May 21, 2017

look toward the light

Yesterday, Justin and I braved the crowds for an adventure known as "Saturday Morning Grocery Shopping."

The first thing Justin said when we walked inside was, "Ugh. Why are there so many people here? It's Saturday morning."

I looked at him and said, "Babe, not everyone sleeps till noon on Saturdays."

"Well, they should start," was his reply.

Then he grabbed my hand and smiled at me as we went toward the deli. Justin wanted taco dip. I took pictures of the tulips by the front stands.

* * * * * *

Flowers never fail to bring me comfort. I always think of the hillside garden in the backyard that my grandma meticulously tended to during my childhood. White and yellow daffodils, white daisies, pink and purple and white flocks, orange and yellow tulips... They colored everything from my first communion photos to family reunion group shots. There was the purple clematis that always grew up and up and up toward the sun, on the trellis where my sandbox used to be growing up. Someday maybe, I'll get a tattoo of all those flowers in a bouquet. A little something for my grandma, because I still think of her every day. I still miss her every day and it's been a year and a half since we lost her.

That is the thing that is so hard to accept about grief, about death, about the enormity of loving and losing someone in general: sometimes, the weight of missing that person that is no longer there feels like it's going to crush you. It's always there, heavy on your heart, and you know that it will never fully go away. It will simply lessen with time, as long as you allow joy into your heart to help with your path toward healing and acceptance. 

* * * * * *

Grief has been overwhelming my life lately.

The triggers, the flashbacks to forgotten memories, the moments when simply getting out of bed seems like a monumental task in and of itself—it's all a fuzzy reminder of being fifteen and lost and trying to cope with the weight of my world falling out from beneath me. Succumbing to the depression and my yet-undiagnosed Post Traumatic Stress Disorder left me stringing together song lyrics and other people's words for inspiration. At first, it started with repetition of the same phrase in my Spanish III notes.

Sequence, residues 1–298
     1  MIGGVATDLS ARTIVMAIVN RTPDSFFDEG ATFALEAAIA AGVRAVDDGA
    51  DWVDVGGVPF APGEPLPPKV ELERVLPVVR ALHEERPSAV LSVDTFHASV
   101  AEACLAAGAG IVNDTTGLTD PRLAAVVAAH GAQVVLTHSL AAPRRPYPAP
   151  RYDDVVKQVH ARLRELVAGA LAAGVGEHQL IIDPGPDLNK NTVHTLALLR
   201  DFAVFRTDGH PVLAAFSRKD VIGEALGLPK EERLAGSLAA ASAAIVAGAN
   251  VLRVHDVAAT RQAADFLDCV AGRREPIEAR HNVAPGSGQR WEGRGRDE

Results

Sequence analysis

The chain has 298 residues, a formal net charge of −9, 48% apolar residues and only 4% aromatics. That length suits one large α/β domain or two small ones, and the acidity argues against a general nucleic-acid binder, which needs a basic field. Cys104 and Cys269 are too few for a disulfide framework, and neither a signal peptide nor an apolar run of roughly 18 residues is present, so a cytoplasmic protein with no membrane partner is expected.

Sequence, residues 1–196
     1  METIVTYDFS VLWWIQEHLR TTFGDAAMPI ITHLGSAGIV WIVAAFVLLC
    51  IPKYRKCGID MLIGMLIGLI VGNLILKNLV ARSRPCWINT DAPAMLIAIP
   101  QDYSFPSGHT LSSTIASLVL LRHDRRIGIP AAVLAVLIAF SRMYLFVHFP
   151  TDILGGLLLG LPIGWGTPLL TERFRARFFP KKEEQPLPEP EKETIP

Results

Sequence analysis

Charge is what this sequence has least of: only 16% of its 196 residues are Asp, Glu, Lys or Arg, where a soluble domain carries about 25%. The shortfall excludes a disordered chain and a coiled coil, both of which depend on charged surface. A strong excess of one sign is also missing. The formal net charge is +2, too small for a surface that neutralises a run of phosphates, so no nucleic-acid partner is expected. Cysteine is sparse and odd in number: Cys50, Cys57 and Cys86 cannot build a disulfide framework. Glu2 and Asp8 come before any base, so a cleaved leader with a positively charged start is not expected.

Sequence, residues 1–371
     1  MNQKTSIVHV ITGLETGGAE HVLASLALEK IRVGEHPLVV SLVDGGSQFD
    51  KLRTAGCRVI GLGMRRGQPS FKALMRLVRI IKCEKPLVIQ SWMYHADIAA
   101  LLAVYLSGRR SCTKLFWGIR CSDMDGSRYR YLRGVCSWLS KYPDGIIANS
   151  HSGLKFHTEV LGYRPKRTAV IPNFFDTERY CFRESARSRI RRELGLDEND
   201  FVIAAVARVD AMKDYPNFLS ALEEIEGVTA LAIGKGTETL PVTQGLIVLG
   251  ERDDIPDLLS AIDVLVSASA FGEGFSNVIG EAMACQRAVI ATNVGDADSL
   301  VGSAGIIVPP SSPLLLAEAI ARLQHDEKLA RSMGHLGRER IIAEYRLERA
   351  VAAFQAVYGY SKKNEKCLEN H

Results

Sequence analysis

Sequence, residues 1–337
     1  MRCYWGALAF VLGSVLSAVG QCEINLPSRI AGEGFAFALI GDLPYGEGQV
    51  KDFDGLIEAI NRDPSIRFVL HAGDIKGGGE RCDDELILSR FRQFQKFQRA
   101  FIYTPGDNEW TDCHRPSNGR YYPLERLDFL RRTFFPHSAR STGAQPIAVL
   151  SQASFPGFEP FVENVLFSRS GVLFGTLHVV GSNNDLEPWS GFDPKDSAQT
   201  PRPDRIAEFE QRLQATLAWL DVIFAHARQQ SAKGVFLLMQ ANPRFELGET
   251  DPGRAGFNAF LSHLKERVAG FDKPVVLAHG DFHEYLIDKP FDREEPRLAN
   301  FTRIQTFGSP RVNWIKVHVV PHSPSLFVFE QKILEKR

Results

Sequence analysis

"I shouldn't feel this way, but I do." 

Over and over and over, trying to validate the words that I couldn't yet say out loud. Trying to identify the feelings I couldn't yet name. Trying to ignore the constant onslaught of flashbacks when my biggest trigger of them all was roaming the hallways of my high school, had English class by my locker, hung out in the radio station where my boyfriend DJ'ed the morning show. 

The only thing that ties these memories to my grief over my grandma and my dad is the overwhelming sense of loss that all of these events brought into my life. I have been thinking lately about all of the opportunities I chose to miss out on as a teenager because I was too lost in the darkness to function. Sophomore year, homecoming football game—my boyfriend called me from the radio station.

"Where are you?"

"At home."

"Why? I really wanted to see you."

And I remember my heart breaking because I couldn't find the courage to tell him how worthless and pathetic and alone I felt. The only person who got that fountain of information was my best friend.

And so the wall between me and the men I tried to let love me was built. Construction didn't stop until I was encased in cinder blocks, the total darkness that enveloped me dared me to try and break free. Tiny cracks appeared as I found my voice. Bravery creeped in as I learned how to art my feelings out—whether through a camera or through putting my pen to paper. With the help of my therapist, I learned that my feelings are valid. What happened to me was valid. My voice does matter, despite whatever my anxiety and depression tag team tell me at the time. 

* * * * * *

My roots were formed in the darkness of those cinder blocks. In those nights of me listening to nothing but Mayday Parade on repeat. In those days when it took all I had in me emotionally to just put one foot in front of the other. In those moments where the world stopped and it was just hazel eyes staring into brown from across the cafeteria. In those moments—when the fear and the flashbacks caused all of the systems in my brain to issue an SOS, when the simple act of breathing became too much for me, my roots began to flourish. As a starting point. To say, "Okay. It's only up from here, girly."

Those roots have grown, up and up like my grandma's clematis. They harnessed all of the darkness, all the suffering of the beginning, and they have bloomed into flowers of independence, strength, bravery, and vulnerability. They are constantly teaching me lessons, grounding me and reminding me that the suffering doesn't last forever. The weight of these huge losses in my life won't consume me forever. 

It's okay to get lost in the darkness sometimes. But you must always remember to look toward the light.

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